Turning the World Upside Down is a search to understand what is happening and what it means for us all. It is based on Nigel Crisp's own journey from running the largest health system in the world to working in some of the poorest countries, and draws upon his own experiences to explore new ideas and innovations around the world. The book has three unique features: Describes what rich countries can learn from poorer ones, as well as the other way round Deals with health in rich and poor countries in the same way, not treating them as totally different, and suggests that instead of talking about international development we should talk about co-development Sets out a new vision for global health, and our rights and accountabilities as citizens of the world There is an unfair import export business in people and ideas that flourishes between rich and poor countries. Rich countries import trained health workers and export their ideas and ideology about health in poorer ones, whether or not they are appropriate or useful. What, Nigel Crisp asks, if we were to turn the world upside down - so the import export business was reversed and poorer countries exported their ideas and experience whilst richer ones exported their health workers? Health leaders in poorer countries, without the resources or the baggage of rich countries, have learned to innovate, to build on the strengths of the population and their communities and develop new approaches that are relevant for the rich and poor alike. At the same time, richer countries and their health workers could help poorer countries to train, in their own country, the workers they need for the future. They would help pay a debt for all the workers who have migrated and learn themselves the new ways of working, which they will need in the 21st Century. We could stop talking about international development - as something the rich world does to the poor - and start talking about co-development, our shared learning and shared future. There is already a movement of people and ideas travelling in this direction. Young people get this intuitively. Many thousands of young professionals want a different professional education for themselves - in global health. Together with the leaders from poorer countries and the innovators around the world, they are creating a new global vision for health. Turning the World Upside Down is a search for understanding that helps us to see how Western Scientific Medicine, which has served us so well in the 20th Century, needs to adapt and evolve to cope with the demands of the 21st Century. It sets our a new vision and concludes by describing the actions we need to take to accelerate the change.

Blind Spot

How Neoliberalism Infiltrated Global Health

Author: Salmaan Keshavjee,Paul Farmer

Publisher: Univ of California Press

ISBN: 0520282841

Category: Social Science

Page: 240

View: 2706

Neoliberalism has been the defining paradigm in global health since the latter part of the twentieth century. What started as an untested and unproven theory that the creation of unfettered markets would give rise to political democracy led to policies that promoted the belief that private markets were the optimal agents for the distribution of social goods, including health care. A vivid illustration of the infiltration of neoliberal ideology into the design and implementation of development programs, this case study, set in post-Soviet Tajikistan’s remote eastern province of Badakhshan, draws on extensive ethnographic and historical material to examine a “revolving drug fund” program—used by numerous nongovernmental organizations globally to address shortages of high-quality pharmaceuticals in poor communities. Provocative, rigorous, and accessible, Blind Spot offers a cautionary tale about the forces driving decision making in health and development policy today, illustrating how the privatization of health care can have catastrophic outcomes for some of the world’s most vulnerable populations.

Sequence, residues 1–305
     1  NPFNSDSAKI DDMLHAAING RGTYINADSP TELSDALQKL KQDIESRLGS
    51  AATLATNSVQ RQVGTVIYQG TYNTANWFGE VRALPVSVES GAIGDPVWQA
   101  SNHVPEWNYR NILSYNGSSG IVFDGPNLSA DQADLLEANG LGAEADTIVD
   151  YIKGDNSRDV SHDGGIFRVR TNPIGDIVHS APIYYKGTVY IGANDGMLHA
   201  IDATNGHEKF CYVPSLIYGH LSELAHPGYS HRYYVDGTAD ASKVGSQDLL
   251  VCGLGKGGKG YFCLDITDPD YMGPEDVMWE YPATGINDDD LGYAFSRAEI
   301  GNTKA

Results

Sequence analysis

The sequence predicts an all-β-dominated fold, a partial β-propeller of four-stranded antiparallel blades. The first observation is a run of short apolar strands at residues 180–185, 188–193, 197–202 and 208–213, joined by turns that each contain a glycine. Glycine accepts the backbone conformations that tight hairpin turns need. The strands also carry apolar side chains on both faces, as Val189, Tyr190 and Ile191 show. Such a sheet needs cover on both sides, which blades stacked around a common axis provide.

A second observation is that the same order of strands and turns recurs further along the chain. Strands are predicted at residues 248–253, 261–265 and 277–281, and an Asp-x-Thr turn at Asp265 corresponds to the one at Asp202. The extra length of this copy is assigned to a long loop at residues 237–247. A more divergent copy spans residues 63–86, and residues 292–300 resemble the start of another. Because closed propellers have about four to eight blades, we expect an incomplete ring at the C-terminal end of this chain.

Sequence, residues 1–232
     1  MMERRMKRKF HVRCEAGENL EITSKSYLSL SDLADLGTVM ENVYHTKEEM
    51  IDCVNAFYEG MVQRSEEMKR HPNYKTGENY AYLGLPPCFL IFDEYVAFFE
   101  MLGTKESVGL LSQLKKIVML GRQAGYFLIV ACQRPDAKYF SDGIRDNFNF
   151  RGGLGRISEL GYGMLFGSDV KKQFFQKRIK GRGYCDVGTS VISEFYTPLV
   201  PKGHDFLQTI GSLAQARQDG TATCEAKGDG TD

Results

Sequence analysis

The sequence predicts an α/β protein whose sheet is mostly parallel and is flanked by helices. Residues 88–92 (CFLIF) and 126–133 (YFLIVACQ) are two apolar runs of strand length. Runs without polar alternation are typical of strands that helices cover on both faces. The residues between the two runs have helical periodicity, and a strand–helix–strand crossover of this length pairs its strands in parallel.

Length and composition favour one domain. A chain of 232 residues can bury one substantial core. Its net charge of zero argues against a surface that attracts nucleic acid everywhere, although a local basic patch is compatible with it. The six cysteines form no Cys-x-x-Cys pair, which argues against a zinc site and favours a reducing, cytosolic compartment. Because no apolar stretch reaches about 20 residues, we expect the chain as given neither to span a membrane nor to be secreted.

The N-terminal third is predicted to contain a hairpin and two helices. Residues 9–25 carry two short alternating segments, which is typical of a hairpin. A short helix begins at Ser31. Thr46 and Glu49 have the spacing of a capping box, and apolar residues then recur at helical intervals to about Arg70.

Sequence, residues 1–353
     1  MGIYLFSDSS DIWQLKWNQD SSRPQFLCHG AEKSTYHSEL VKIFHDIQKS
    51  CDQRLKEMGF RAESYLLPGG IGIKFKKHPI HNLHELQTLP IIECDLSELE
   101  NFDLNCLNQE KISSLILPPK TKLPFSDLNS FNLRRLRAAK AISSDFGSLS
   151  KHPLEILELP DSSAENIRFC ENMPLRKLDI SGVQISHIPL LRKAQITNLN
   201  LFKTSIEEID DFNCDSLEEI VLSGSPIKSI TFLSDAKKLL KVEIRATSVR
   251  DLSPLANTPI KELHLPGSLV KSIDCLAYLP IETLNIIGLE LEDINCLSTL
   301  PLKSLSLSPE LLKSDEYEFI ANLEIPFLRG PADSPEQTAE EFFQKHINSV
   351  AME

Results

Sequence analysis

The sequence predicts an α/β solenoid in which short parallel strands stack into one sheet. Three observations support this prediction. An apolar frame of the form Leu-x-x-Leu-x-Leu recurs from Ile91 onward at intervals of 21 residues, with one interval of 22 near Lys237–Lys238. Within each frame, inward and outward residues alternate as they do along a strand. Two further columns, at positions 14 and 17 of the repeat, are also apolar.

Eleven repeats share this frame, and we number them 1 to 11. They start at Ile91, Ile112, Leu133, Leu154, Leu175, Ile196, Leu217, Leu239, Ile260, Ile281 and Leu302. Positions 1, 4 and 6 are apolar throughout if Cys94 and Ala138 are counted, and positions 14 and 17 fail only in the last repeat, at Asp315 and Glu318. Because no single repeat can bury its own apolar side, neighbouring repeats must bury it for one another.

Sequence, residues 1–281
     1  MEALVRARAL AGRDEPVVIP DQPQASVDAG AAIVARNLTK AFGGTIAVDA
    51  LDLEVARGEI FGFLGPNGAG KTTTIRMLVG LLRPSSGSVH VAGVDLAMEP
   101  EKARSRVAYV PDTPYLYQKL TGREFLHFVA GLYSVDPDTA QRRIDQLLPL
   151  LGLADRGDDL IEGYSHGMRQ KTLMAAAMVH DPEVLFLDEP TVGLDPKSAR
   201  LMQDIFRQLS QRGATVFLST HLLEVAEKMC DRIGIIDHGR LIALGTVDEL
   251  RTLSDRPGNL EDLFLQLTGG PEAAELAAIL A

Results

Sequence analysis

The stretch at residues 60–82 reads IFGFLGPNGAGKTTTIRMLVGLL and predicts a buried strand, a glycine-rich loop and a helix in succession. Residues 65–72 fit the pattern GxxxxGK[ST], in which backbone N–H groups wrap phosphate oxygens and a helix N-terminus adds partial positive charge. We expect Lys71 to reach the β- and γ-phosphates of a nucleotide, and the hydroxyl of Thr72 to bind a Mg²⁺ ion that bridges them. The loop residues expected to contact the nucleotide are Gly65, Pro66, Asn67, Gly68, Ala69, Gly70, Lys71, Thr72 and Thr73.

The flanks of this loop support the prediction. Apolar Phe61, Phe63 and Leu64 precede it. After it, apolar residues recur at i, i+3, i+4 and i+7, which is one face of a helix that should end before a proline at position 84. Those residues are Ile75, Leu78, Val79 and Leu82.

The Weight of Obesity

Hunger and Global Health in Postwar Guatemala

Author: Emily Yates-Doerr

Publisher: Univ of California Press

ISBN: 0520961900

Category: Social Science

Page: 248

View: 2059

A woman with hypertension refuses vegetables. A man with diabetes adds iron-fortified sugar to his coffee. As death rates from heart attacks, strokes, and diabetes in Latin America escalate, global health interventions increasingly emphasize nutrition, exercise, and weight loss—but much goes awry as ideas move from policy boardrooms and clinics into everyday life. Based on years of intensive fieldwork, The Weight of Obesity offers poignant stories of how obesity is lived and experienced by Guatemalans who have recently found their diets—and their bodies—radically transformed. Anthropologist Emily Yates-Doerr challenges the widespread view that health can be measured in calories and pounds, offering an innovative understanding of what it means to be healthy in postcolonial Latin America. Through vivid descriptions of how people reject global standards and embrace fatness as desirable, this book interferes with contemporary biomedicine, adding depth to how we theorize structural violence. It is essential reading for anyone who cares about the politics of healthy eating.